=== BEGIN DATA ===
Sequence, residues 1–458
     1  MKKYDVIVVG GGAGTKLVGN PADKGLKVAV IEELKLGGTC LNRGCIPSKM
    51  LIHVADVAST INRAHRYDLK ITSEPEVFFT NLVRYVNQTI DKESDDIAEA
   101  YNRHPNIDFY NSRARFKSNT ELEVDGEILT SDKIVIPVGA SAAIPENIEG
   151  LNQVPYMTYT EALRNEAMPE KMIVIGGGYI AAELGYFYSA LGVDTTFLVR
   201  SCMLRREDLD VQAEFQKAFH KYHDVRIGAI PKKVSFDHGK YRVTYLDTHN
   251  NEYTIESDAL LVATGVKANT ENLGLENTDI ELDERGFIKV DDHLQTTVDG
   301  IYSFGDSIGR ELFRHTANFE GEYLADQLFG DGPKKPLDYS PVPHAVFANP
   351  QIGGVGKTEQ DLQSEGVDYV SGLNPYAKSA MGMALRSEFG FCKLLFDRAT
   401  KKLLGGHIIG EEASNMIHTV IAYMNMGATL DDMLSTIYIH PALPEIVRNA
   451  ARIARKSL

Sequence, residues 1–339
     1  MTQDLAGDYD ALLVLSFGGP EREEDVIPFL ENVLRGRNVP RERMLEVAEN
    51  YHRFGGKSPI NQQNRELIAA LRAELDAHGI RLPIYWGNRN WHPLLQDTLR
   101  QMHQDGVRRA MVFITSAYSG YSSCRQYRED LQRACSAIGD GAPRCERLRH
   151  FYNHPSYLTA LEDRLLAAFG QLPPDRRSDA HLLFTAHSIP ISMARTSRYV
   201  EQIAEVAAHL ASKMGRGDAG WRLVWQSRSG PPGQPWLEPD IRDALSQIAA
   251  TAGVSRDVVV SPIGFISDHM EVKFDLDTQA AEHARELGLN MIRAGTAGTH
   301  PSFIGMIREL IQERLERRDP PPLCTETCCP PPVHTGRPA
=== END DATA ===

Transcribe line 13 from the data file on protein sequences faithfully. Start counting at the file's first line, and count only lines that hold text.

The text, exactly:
     1  MTQDLAGDYD ALLVLSFGGP EREEDVIPFL ENVLRGRNVP RERMLEVAEN